I often say choosing a favourite gin is like choosing between my children (which is why I don't have any) - What's your desert island gin & why?
Minus 33 of course! (I can be biased right?) I spent over a year designing the recipe so I feel like it is my child and I wouldn't want to leave my baby behind. It would also help take the edge off the dry heat. When I finished it, i could send a message in the bottle for help.
I have many different favourite bars depending on the occasion. What's your favourite venue for:
A. A Dry Martini & Date Night?
B. A Red Snapper & Brunch?
C. Gin & a party?
One Square, Edinburgh
B) One Square or the Tippling House - If I could trust just two people to do a 33 twist on a Bloody Mary it's Alessandro and Andy. Both of these guys are geniuses when it comes to flavour.
C) 56 North - the gin menu is extensive and when I was in there after the Juniper Festival, there may have been some dancing on tables....
Which drinks professionals have inspired you & how?
There have been a few but let's limit it to three:
1) Cory Mason - the botanical master. I have never met anyone so passionate about distilling and flavour - he taught me all I know about distilling and was instrumental in crafting the Minus 33 liquid.
2) Martin Duffy - a well connected member of the spirit scene here in Scotland. He helped me understand the core basics of spirit design and introduced me to Cory above and has championed our product through his business.
3) Stewart Lawrie & Ernie Kinnaird- They come as a team! Former Whyte and Mackay management, both shareholders in my business, their advice, knowledge and enthusiasm has helped guide me through the murky waters that are the drinks industry.
Yes - Lavender. It reminds me of my childhood when we had some growing in the front garden. I hated it back then as it attracted all the bees which made for a tricky and somewhat speedy tooing and froing from the drive to the front door.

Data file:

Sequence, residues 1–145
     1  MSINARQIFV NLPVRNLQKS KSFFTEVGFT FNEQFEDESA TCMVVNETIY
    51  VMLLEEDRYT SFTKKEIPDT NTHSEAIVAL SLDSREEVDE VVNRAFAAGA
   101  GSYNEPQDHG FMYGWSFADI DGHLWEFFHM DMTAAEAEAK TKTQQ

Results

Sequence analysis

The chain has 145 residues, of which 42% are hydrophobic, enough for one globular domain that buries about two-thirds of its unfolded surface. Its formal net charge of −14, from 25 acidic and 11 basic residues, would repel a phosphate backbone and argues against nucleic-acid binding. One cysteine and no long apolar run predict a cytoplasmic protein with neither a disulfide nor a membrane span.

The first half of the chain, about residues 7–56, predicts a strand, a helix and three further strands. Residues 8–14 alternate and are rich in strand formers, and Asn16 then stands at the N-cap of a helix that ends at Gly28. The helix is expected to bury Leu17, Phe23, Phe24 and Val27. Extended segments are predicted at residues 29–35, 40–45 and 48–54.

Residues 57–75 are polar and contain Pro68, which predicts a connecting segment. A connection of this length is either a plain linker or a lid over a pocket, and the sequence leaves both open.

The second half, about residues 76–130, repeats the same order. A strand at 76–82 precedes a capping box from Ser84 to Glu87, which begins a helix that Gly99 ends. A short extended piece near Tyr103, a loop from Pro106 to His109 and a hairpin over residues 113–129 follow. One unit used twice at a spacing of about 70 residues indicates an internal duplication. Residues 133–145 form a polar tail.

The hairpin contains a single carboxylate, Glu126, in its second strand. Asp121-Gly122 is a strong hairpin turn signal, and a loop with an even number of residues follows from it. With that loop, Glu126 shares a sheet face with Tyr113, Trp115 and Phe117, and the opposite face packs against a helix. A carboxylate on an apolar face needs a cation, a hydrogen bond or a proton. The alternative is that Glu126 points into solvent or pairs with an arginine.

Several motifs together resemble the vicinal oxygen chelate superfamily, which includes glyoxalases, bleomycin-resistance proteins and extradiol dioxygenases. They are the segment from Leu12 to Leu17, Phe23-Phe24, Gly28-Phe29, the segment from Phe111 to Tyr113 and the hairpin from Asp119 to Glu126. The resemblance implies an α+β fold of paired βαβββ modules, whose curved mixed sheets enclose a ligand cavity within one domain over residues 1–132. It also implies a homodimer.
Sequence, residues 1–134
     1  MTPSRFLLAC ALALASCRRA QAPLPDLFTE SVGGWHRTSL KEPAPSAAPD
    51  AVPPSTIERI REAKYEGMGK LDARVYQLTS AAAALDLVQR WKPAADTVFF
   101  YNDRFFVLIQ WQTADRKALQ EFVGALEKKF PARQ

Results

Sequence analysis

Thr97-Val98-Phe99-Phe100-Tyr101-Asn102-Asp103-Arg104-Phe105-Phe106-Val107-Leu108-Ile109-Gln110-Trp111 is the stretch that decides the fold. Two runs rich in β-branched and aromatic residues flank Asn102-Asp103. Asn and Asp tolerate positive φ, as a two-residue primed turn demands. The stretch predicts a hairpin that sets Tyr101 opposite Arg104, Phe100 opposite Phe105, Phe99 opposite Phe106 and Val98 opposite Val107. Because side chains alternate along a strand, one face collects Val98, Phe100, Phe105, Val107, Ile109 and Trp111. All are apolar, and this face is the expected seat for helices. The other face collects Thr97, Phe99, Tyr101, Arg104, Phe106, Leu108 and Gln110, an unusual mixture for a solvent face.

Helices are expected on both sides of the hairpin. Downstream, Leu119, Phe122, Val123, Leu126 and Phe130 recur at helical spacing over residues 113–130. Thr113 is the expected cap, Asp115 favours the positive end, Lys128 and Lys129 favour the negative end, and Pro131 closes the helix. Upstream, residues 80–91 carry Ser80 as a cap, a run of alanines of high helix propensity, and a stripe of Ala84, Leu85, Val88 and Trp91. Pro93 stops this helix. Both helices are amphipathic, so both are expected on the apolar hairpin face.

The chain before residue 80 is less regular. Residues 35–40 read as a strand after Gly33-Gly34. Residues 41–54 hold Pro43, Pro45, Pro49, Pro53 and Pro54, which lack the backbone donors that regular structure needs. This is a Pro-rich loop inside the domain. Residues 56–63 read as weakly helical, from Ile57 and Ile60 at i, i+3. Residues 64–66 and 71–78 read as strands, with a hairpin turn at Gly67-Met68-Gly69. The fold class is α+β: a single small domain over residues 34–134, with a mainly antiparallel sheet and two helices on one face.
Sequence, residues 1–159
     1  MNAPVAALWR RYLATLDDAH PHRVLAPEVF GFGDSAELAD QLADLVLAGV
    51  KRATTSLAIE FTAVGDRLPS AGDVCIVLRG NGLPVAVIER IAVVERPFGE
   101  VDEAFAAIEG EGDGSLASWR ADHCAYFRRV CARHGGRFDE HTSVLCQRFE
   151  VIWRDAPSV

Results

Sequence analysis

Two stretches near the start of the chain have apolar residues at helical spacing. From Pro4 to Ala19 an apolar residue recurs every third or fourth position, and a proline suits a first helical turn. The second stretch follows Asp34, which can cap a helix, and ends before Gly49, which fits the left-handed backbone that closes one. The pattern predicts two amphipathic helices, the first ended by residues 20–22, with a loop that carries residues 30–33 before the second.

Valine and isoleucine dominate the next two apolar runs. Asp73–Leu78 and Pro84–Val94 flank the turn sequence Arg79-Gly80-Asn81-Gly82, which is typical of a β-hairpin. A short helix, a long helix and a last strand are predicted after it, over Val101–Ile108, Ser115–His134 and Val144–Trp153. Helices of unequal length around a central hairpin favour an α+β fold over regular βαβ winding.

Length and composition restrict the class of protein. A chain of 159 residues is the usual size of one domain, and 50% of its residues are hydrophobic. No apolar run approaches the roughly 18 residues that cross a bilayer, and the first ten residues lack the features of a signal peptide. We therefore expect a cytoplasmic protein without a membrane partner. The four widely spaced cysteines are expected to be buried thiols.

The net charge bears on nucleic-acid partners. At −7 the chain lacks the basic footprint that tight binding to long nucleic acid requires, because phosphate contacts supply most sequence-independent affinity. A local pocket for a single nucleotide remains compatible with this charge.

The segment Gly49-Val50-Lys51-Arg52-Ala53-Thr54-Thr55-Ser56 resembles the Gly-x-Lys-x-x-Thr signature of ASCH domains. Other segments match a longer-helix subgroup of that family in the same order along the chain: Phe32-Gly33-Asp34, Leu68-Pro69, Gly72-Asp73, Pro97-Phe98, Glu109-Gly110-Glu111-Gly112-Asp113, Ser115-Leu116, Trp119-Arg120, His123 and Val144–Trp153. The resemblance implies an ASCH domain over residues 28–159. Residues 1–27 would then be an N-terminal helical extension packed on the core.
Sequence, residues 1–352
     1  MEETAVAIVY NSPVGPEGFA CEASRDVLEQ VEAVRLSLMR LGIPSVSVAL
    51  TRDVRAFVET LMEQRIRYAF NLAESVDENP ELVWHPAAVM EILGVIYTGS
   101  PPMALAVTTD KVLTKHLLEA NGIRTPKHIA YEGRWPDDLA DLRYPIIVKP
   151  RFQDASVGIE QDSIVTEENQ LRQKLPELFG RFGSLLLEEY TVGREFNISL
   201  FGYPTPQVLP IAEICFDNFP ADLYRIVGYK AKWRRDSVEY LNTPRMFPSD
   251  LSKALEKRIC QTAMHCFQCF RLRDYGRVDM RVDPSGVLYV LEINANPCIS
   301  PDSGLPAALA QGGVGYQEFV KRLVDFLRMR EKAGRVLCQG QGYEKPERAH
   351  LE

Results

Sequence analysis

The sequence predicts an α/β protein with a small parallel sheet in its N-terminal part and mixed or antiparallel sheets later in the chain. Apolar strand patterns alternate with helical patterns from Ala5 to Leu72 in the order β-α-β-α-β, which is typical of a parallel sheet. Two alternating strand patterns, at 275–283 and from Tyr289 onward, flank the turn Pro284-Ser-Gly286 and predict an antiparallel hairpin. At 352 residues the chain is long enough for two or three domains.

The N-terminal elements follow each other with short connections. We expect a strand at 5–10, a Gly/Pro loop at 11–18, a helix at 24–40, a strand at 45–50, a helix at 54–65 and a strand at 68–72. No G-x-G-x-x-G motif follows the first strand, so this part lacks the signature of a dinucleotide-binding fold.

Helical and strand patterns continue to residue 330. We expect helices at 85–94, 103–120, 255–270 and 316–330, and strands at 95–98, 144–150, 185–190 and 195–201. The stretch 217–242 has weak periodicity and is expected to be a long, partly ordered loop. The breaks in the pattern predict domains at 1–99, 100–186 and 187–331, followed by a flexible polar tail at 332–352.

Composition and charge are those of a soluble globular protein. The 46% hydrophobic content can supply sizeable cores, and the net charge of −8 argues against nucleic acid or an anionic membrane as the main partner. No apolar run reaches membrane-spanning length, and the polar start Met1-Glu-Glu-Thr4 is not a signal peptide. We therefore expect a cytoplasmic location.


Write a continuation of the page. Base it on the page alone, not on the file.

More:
If you were a gin or a gin cocktail which would you be and why?
A Bramble, Toby from Taste Cocktails sells a great set that uses our very own Minus 33. It's colourful and simply gorgeous, attributes I aspire to ;-).
Angus Winchester says olives are the devil's testicles. Thoughts?
Having lived in Spain i do love the odd, well marinated olive. Though keep that devil and his tea-bagging ways well away from my martini. Olives belong in a dish, not a martini glass. And if I fancied a dirty martini, I'd go to an underwater bar.
Which gin has your favourite packaging? How important is this?
Good Creative, our design partners did a fantastic job on our bottle, however bias aside I love both the Botanist for it's simplicity and purity and of course Isle of Harris Gin, that bottle is a pleasure to behold. Packaging is vital, people buy with their eyes first, the taste of the liquid determines whether they buy again, but if they never buy in the first place you'll amount to very little.
Do you have a preferred tonic?
No. I have preferred mixers for certain occasions. Bon Accord have created a great tasting tonic and is something just a little different. I really enjoy the Fentiman's Grapefruit Tonic and Rose Lemonade (I know the latter is cheating) And of course Fever Tree naturally light is a great tasting naturally low calorie option as well. We work with all the above as they all bring a unique dynamic to our offering.